Image courtesy of Manchester Children’s Book Festival
There then followed a discussion of the Shadowing scheme, which thousands of children and young people take part in every year. There were some important questions from the audience around the suitability of shortlisted titles for shadowers, with librarians understandably anxious about promoting titles to shadowers that may be deemed too “old” or too issue-driven. The issue of possible parental complaints is also a worry, with one member of the audience commenting that there is “no way” they could give certain titles to shadowers (last year’s When Mr Dog Bites was cited as an example) because they would be guaranteed to get complaints. The panel admitted that there is no easy answer to this one: a book that would be absolutely fine with one group may be untouchable with another. The panel explained that all books that are published on children’s / YA imprints are eligible and that all nominated titles must be given equal consideration against the criteria – and Gabrielle Wood pointed out that ultimately decisions about the lists cannot be made to please the shadowers. Having said that, it was clear that shadowing is considered to be a rewarding experience, with Lizzie reporting instances of young people saying they have really enjoyed books they would never have read if they hadn’t been on the shortlist.
One of the most interesting questions for me came from a member of the audience and focused on the Carnegie criteria that states that characters should be “believable and convincing” with “behaviour and patterns of speech consistent with their known background and environment.” Pointing out that judges are often likely to be middle-class white females, the questioner asked how judges can possibly know if characters are believable if they don’t have the knowledge or experience of that particular background. Acknowledging that there is not a massive amount of diversity amongst the judging panel, Jake did say that there has been a lot of diversity amongst winning titles. Melvin pointed out that lack of diversity is an issue in publishing in general and also spoke about the difficulty of attempting to write a first-person narrative about somebody who is from a background other than your own, saying that to write about people well you “have to know them,” whilst Candy talked about the individuality of all experience. The judges said that it is impossible to know absolutely whether characters are truly authentic and that they can only go on whether they feel convincing and believable within the events of the story.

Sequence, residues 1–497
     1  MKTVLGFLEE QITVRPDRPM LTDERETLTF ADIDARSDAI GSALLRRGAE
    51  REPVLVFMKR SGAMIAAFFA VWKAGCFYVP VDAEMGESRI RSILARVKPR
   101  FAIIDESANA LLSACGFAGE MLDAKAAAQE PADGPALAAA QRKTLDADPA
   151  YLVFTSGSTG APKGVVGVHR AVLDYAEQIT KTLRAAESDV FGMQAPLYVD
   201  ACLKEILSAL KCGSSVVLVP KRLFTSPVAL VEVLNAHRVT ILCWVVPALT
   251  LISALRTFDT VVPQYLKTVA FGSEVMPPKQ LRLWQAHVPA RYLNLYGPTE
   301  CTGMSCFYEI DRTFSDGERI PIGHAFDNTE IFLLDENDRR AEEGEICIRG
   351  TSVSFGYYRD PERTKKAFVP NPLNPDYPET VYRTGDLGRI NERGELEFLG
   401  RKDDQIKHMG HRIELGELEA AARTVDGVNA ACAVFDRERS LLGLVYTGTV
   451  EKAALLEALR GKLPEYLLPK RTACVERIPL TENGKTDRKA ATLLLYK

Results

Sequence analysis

All in all, this was a really stimulating evening with important questions being asked. The passion for providing children and young people with rich, rewarding reading experiences was evident from the panel and the audience alike. Huge thanks to Manchester Children’s Book Festival and the Society of Children’s Book Writers and Illustrators for supporting the event, along with the brilliant panellists and audience. Roll on Monday when the winners are finally revealed and no doubt more discussion will ensue!